Mr. King’s Hearings and America’s Strategic Objective

A wise Marine of our acquaintance wrote in response to the last JINSA Report:

A wise Marine of our acquaintance wrote in response to the last JINSA Report:

More episodic US policy! Is the survival of Qadaffi’s regime a strategic objective? Do we have a discrete concept for Libyan sovereignty that is aligned with any significant Libyan domestic political forces? Is our strategic objective aligned with any of our principal NATO allies (since we have no treaty allies in the Maghreb or sub-Saharan Africa), the Egyptian military leaders (junta?), Israel, the Kingdoms of Jordan or Saudi Arabia? If not, are our policy objectives existential to the US so that we would go it alone? This talk of “acts of war” is beside the questions of national interests and objectives. We established no-fly and no-drive zone equivalents before without this chatter from our Cabinet leaders.

We need to stop making policy by speechifying in reaction to newscasts and other nations’ political leaders’ remarks… We have many leaders, few followers and aimless direction.

It is with the notion of episodic and reactive policy, and with the question, “What is our strategic objective?” in mind that we consider Rep. Peter King’s hearing on the radicalization of some number of American Muslims by jihadist groups and their leadership. The strategic objective should be to understand the process by which radicalization occurs and where intervention can be important. The objective should be to enable American Muslims and law enforcement authorities to cooperate in addressing a situation that has already led to incidents of homegrown terrorism and at least one death in Somalia, where a young Somali-American returned to that country under the influence of a radical imam.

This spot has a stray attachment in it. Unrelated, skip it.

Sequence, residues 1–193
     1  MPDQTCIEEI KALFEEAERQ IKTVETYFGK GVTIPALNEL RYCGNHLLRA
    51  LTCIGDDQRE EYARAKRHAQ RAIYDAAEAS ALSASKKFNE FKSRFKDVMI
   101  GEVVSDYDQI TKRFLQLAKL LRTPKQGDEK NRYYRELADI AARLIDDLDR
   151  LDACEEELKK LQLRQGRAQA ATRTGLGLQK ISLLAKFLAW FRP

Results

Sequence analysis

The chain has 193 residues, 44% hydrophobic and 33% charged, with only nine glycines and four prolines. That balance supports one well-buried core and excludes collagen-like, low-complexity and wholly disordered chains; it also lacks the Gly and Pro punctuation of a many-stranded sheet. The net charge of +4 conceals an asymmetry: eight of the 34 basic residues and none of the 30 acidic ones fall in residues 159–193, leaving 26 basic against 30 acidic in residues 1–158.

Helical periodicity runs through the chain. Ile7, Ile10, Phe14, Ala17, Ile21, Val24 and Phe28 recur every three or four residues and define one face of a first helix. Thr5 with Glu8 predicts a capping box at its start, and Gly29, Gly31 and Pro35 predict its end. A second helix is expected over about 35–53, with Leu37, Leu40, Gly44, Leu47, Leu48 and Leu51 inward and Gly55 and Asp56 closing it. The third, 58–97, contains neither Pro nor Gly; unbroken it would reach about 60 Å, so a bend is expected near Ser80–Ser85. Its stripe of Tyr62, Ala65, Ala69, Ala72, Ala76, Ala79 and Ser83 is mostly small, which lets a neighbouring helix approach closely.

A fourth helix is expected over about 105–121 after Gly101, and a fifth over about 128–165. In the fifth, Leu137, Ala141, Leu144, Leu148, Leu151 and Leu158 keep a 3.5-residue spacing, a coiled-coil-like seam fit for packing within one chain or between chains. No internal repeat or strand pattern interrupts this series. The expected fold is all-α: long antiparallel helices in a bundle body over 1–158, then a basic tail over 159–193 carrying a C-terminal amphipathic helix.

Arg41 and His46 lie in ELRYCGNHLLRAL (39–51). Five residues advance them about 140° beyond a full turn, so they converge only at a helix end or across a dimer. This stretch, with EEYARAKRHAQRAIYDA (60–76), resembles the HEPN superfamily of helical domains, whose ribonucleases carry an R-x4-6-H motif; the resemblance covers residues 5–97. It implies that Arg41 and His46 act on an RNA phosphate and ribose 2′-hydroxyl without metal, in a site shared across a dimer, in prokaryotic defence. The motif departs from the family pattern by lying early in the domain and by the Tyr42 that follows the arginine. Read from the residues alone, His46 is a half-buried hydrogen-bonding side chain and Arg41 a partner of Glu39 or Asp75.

We’re sorry Mr. King didn’t invite the authors of the 2007 NYPD report, “Radicalization in the West: The Homegrown Threat.” Experts studied 11 cases of homegrown jihadists, isolating specific factors that appear to move some people – primarily young men – to radical, violent activity even as most American Muslims remain unmoved by or even repulsed by the idea of violence committed in the name of religion. Among the NYPD’s findings:

  • Salafist ideology combines Islam with a determination to solve problems through violence. Salafist institutions and literature are readily available in the West.

  • Al Qaeda provides inspiration, but generally not operational assistance.

  • Susceptible people seek an identity or a cause and often self-identify before finding compatriots. Radicalization has proceeded more slowly in the U.S. than in Europe, where even second and third generation immigrants have trouble assimilating into the local culture – but more quickly since 9-11.

  • The Internet is an enabler, providing an anonymous virtual meeting place. Sites other than mosques can provide the sense of community otherwise isolated people may be seeking.

  • A “spiritual sanctioner” and an “operational leader” are necessary to move people from the ideological phase to an operational terrorist cell.

  • Not everyone who begins the process of radicalization becomes a terrorist; there are several points at which people drop out.

Four years later, these are largely unexceptional propositions. At the time, however, the same people who now castigate Mr. King vilified the NYPD as racist and anti-Muslim.

JINSA wrote then, “The NYPD has performed an extraordinary service to law enforcement organizations coming to grips with the potential for homegrown terrorism. For refusing to gloss over the inconvenient fact that Islamic extremists seek out young Muslim men and entice them toward violence, and for seeking to understand who might in fact be susceptible and why, the NYPD deserves our kudos, our gratitude and our unwavering support.”

So does Mr. King.